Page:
Saturday, May 12, 2007

The Top Ten Conspiracy Theories,Number 9

Apollo 11 Moon Landings were faked by NASA

The Apollo Moon landing hoax accusations are claims that some or all elements of the Apollo Moon landings were faked by NASA and possibly members of other involved organizations. Some groups and individuals have advanced alternate historical narratives which tend, to varying degrees, to include the following common elements:

The Apollo Astronauts did not land on the Moon;
NASA and possibly others intentionally deceived the public into believing the landing[s] did occur by manufacturing, destroying, or tampering with evidence, including photos, telemetry tapes, transmissions, and rock samples;
NASA and possibly others continue to actively participate in the conspiracy to this day.
According to a 1999 poll conducted by the The Gallup Organization, 6 percent of the US public believes the landing was faked, while what Gallup termed an "overwhelming majority", some 89 percent, did not.

These hoax claims are widely dismissed as baseless by mainstream scientists, technicians and engineers, as well as by NASA and its astronauts. Such claims are also empirically discredited by the existence of three retroreflector arrays left on the Moon by Apollo 11, 14 and 15. Today anyone on Earth with an appropriate laser and telescope system may bounce laser beams off of these devices, verifying placement of the Lunar Laser Ranging Experiment at the historically recorded Apollo landing sites on the Moon.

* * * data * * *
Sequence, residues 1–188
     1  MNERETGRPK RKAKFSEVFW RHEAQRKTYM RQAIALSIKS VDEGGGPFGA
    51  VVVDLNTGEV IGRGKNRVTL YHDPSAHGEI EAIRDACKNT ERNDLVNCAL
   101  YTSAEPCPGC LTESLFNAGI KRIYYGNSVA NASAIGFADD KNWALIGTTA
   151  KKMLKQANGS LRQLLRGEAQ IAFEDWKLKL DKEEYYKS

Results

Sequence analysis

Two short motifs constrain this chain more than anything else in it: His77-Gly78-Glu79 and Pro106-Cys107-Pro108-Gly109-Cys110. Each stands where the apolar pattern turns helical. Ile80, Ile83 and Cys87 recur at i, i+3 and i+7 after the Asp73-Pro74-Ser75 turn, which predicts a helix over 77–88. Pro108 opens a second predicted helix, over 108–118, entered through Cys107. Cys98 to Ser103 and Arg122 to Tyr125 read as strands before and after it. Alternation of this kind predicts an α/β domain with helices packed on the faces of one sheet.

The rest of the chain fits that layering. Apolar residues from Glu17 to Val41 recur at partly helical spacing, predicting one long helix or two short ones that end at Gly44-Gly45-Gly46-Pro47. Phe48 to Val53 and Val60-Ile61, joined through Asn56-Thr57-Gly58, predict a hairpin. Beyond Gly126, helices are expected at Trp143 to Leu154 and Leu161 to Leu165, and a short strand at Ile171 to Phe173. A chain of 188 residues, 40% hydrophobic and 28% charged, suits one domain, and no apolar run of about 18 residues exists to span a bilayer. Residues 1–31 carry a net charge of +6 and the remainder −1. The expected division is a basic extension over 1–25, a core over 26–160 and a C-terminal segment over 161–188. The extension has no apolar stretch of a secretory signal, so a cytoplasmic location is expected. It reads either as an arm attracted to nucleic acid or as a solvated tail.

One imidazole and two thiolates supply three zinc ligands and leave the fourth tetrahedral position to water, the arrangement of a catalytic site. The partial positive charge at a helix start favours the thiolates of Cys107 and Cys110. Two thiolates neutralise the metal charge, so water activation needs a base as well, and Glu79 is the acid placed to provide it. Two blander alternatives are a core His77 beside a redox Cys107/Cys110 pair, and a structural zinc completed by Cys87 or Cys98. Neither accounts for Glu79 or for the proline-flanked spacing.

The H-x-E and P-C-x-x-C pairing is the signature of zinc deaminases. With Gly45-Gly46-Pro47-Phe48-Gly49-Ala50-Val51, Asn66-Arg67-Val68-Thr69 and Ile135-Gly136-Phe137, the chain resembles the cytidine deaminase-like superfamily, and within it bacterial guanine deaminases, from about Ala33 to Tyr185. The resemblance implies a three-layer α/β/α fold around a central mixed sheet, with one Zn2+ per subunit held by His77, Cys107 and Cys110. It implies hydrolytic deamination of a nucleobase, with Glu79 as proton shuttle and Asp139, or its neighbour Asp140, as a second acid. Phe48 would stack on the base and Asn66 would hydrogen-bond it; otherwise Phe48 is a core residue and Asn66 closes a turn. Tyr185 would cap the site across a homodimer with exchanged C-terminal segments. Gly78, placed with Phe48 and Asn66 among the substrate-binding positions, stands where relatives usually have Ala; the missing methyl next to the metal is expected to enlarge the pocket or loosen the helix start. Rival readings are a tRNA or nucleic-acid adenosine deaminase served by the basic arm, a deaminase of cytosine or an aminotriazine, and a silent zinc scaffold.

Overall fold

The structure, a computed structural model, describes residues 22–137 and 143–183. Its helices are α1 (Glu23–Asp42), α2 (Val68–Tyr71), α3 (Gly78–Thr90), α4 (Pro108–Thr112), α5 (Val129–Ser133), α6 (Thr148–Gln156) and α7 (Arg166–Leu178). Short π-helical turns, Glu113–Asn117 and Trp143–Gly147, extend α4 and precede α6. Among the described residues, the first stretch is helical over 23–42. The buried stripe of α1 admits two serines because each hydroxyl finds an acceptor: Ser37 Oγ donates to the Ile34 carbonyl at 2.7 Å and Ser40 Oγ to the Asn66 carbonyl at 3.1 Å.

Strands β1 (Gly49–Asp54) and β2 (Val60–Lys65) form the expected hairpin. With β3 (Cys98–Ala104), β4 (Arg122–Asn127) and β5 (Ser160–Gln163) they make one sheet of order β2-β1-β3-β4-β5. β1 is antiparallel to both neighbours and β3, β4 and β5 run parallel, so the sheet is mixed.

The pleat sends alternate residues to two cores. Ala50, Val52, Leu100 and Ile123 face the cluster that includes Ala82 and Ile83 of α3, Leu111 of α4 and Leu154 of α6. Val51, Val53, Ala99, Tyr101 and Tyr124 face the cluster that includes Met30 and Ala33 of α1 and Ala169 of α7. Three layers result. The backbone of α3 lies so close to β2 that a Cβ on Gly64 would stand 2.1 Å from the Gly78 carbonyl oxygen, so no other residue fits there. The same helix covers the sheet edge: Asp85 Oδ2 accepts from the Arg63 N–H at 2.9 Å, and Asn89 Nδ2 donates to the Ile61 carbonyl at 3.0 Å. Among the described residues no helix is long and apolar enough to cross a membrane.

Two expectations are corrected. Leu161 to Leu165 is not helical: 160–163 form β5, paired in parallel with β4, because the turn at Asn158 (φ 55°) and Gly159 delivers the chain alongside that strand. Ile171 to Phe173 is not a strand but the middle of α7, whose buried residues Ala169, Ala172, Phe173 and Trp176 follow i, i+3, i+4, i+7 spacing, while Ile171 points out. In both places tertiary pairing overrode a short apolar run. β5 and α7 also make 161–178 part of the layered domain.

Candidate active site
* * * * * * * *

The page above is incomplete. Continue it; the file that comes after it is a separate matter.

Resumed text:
Folklorist Linda Degh pointed out that the film Capricorn One may have given a "boost" to the hoax theory's popularity in the post-Vietnam War, post-Watergate era when segments of the American public were disinclined to trust official accounts. Degh writes that "The mass media catapult these half-truths into a kind of twilight zone where people can make their guesses sound as truths. Mass media have a terrible impact on people who lack guidance."

In his book A Man on the Moon, published in 1994, Andrew Chaikin mentions that at the time of Apollo 8's lunar-orbit mission in December 1968 such conspiratorial stories were already in circulation.

The first book dedicated to the subject, Bill Kaysing's self-published We Never Went to the Moon: America's Thirty Billion Dollar Swindle was released in 1974, two years after the Apollo Moon flights had ceased.
technorati tags:Apollo Moon landing hoax,Top Ten Conspiracy Theories.NASA

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